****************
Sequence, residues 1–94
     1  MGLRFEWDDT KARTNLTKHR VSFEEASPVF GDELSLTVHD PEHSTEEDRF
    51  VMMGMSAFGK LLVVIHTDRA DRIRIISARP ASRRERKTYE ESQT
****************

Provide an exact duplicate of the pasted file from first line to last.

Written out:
Sequence, residues 1–94
     1  MGLRFEWDDT KARTNLTKHR VSFEEASPVF GDELSLTVHD PEHSTEEDRF
    51  VMMGMSAFGK LLVVIHTDRA DRIRIISARP ASRRERKTYE ESQT